Pete looking for a route through this narrow pool, John pretty much accepting a deep wade is ahead. It was. Chest deep at least, bracing and cool. On a higher flow day this river would present more problems.

John headed into another pool than from above. The only way through.

Pete making his way through as well.

Lunchtime on the Makaroro. A cup of tea on the sun drenched greywacke along the river. I fell on the river and sprained my ankle. Didn't quite realize the peril of that till it stiffened up at this point. I had a couple real top shelf mates to stir me through. I had a long couple hours ahead.

The river.

5 Jan. Late Afternoon Barlow hut - Makaroro river
I sit outside the hut while Pete and John have a short siesta. I couldn't sleep as my ankle hurts and has swollen up. It is going to be a long slow walk out of here in the morning. Another reminder of the wildness of these places, and the potential risk and danger we face when amongst them. I accept that and wouldn't have it any other way. This was such a beautiful day to be upon the mountain river. Traveling through darkened gorges and fast water with big boulders into calm clear straights where the sunlight hits the water making it sparkle and glimmer, and the sun warmed greywacke rocks seem to glow against the aqua pools. How can I not smile? Hard to write this trip is almost done. I wish we had arranged a few more days now. I am enjoying the place and the company very much.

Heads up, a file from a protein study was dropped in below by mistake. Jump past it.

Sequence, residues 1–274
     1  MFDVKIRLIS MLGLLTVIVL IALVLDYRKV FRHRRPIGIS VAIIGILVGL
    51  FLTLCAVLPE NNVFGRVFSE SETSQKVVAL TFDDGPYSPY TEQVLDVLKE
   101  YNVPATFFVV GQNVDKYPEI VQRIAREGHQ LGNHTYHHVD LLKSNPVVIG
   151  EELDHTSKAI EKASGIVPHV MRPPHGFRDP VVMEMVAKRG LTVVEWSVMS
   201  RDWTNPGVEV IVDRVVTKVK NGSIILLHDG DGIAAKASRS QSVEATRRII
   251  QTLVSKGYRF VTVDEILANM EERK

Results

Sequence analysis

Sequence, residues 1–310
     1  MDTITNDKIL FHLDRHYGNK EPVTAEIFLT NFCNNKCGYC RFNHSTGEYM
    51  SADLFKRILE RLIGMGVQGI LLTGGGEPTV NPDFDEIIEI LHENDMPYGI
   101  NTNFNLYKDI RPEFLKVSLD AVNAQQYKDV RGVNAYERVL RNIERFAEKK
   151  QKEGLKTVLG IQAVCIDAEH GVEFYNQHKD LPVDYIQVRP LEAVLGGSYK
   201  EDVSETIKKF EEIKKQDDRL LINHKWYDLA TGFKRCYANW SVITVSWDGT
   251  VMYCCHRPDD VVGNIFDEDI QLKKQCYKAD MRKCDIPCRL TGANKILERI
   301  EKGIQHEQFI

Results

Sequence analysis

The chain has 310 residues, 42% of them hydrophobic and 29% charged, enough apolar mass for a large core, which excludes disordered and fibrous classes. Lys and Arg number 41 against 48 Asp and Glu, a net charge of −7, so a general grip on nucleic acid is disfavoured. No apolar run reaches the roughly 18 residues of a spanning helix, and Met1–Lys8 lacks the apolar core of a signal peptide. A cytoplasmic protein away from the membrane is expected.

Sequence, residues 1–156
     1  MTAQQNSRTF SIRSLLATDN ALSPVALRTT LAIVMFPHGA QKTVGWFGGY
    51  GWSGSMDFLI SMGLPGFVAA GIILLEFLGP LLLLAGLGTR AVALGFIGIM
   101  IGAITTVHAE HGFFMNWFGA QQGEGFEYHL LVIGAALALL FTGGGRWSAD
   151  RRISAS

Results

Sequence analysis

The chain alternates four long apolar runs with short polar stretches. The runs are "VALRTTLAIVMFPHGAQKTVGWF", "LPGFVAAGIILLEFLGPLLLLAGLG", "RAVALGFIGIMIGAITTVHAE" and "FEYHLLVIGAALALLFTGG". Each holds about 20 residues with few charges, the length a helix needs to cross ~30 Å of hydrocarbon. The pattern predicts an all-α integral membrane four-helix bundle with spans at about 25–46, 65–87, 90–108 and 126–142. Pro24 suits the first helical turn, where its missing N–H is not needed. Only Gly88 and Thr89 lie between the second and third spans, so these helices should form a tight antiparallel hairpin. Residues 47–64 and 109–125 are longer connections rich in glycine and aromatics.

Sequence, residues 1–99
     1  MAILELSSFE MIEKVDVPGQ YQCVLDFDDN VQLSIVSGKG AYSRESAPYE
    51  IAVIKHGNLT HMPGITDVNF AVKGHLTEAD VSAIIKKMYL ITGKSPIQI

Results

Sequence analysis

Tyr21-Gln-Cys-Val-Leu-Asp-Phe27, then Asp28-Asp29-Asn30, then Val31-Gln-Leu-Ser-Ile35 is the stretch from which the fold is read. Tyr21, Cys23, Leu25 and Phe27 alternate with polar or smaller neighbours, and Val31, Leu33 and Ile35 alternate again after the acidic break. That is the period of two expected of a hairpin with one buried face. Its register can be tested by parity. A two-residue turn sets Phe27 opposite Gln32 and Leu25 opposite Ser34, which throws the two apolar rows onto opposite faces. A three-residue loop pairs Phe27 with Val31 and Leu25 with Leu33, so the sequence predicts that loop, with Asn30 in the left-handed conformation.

Robb and Pete.

Robb and John.

* my ankle was very swollen, stiff, and sore. We wrapped it up and I hobbled off well ahead of John and Pete. The river eventually becomes a very wide and braided bed, much easier, if not a bit tedious, to walk down, and in about 4 hours I was at the car. Not too far a drive from there to the Onga Onga pub for a couple very cold beers. Kia ora John, Kia ora Pete, Kia ora Ruahine!

Saturday, January 1, 2011


29 December 2010 Top Maropea
After an almost two week wait for the weather to come right, my son Taylor decided he had better things to do with his girlfriend and mates. At 17 can't say I blame him. So I took off myself when the forecast looked promising. And at least today it was as I sit here now at Top Maropea. I must write that I do miss the company of my matamua tama (eldest child). Taylor was with me a little over a year ago when this was as far as I could get on a trip planning to go far deeper but stopped as my hip hurt too much. So it would have been cool to share the smile on my face today with him.